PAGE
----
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Tens of thousands isolated at quake epicentre

By North America correspondent Lisa Millar and wires

Posted January 17, 2010 18:43:00
Updated January 18, 2010 00:39:00

The immense scale of the earthquake devastation outside Haiti's capital, Port-au-Prince, is becoming clearer.

People in Leogane, at the quake's epicentre, have so far been left to fend for themselves in ad hoc squatter camps.

Great concrete slabs, once roofs or second floors, have concertinaed down crushing people who had no chance of survival.

Almost every concrete structure in the town is flattened, and the town is said to be more devastated than the capital, with dead bodies still littering the streets.

"It's the very epicentre of the earthquake, and many, many thousands are dead," said World Food Program (WFP) spokesman David Orr.

"Nearly every house was destroyed here. The military are talking about 20,000 to 30,000 dead," he said.

People have fled to the surrounding sugar cane fields or into mangrove swamps to get away from the nightmare.

Tens of thousands are living in the open in church compounds, school playgrounds and market places.

Officials say the earthquake has killed at least 50,000 people in total and left 1.5 million homeless, and the United Nations has described the situation as the worst it has ever confronted.

More than 25,000 bodies of victims have been collected and buried, according to Prime Minister Jean-Max Bellerive.

Attention is turning to survivors as aid arrives - but it is proving difficult to disseminate.

Aircraft trying to drop food and water into Haiti's capital Port-au-Prince are being rushed by desperate and hungry crowds, further disrupting relief efforts.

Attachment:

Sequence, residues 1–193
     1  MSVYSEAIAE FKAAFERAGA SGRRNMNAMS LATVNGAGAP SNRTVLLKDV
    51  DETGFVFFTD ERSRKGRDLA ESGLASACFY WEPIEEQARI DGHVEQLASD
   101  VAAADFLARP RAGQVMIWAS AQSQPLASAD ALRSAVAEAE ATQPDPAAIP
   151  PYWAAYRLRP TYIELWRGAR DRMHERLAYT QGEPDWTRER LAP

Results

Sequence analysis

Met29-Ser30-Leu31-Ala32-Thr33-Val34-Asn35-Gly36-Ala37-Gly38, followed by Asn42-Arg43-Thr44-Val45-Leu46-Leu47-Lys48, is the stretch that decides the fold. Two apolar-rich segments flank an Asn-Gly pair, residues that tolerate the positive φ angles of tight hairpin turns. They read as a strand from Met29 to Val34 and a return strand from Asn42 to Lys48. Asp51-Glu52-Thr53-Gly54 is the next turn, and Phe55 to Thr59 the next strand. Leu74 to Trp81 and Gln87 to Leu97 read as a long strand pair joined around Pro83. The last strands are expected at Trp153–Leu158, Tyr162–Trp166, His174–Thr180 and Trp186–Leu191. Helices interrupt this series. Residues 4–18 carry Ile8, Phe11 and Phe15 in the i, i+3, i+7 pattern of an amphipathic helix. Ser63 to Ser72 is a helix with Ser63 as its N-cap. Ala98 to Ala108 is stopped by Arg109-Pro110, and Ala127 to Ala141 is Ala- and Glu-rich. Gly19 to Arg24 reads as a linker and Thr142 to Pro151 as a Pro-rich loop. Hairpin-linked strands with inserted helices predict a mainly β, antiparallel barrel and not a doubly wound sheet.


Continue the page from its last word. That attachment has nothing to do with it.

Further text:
Two Dominicans have been seriously wounded after being shot as they were handing out aid, and police have fired bullets into the air to try and disperse looters.

United States President Barack Obama says the relief effort cannot be measured in days or weeks, but in months and years.

He has asked former US presidents George W Bush and Bill Clinton to help lead the US fundraising effort for emergency and long-term aid.

In Washington, the two former presidents announced their plans to help Haiti rebuild.

Haiti's survivors say that for many of the injured lying in makeshift hospitals, medical care is too late.

"I've seen so many people pass away in front of my eyes. So many dead people. So right now all we need is help. We need help. We're crying for help," said one survivor.

Moments of joy

But there have been some moments of joy in the earthquake-devastated nation.

US coastguard officers working on rescue efforts in Haiti have delivered a baby boy, as his mother and five other earthquake survivors were medevacked.

The injured were being loaded onto a coastguard plane when a woman complained of pain. Thirty seconds later she had given birth.

As the light was fading and storms were moving in, the pilots knew they could not make it to the nearest hospital, so an aircraft carrier sped to their rescue.

The five injured Haitians plus the new arrival are now being treated in the ship's hospital.

And earlier today a 43-year-old pregnant woman, who spent nearly 70 hours buried under the rubble of a former children's hospital, has been rescued by Brazilian peacekeepers in Port-au-Prince.

The woman was identified as a nurse who worked at the five-story building which collapsed during the earthquake.

Brazilian soldiers and firefighters spent nearly three hours trying to dig out the woman, who was transported to a Brazilian military hospital and was treated for dehydration and other injuries.

The woman's husband who was also in the building, survived.

But four days after the quake struck, hope of finding survivors amid the rubble is dwindling.

"Today is the last day that I think we will be able to find survivors, mainly because of dehydration," said Israeli rescue worker Rami Peltz.

- ABC/BBC/AFP

Tags: disasters-and-accidents, earthquake, emergency-incidents, relief-and-aid-organisations, haiti

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Haiti factbox

Map of Haiti
  • Population: 10 million (UN, 2009)
  • Capital: Port-au-Prince
  • Area: 27,750 sq km (10,714 sq miles)
  • Major languages: Creole, French
  • Major religion: Christianity
  • Life expectancy: 59 (men), 63 (women) (UN)
  • Monetary unit: 1 gourde = 100 centimes
  • Main exports: Light manufactures, coffee, oils, mangoes
  • GNI per capita: US $660 (World Bank, 2008)

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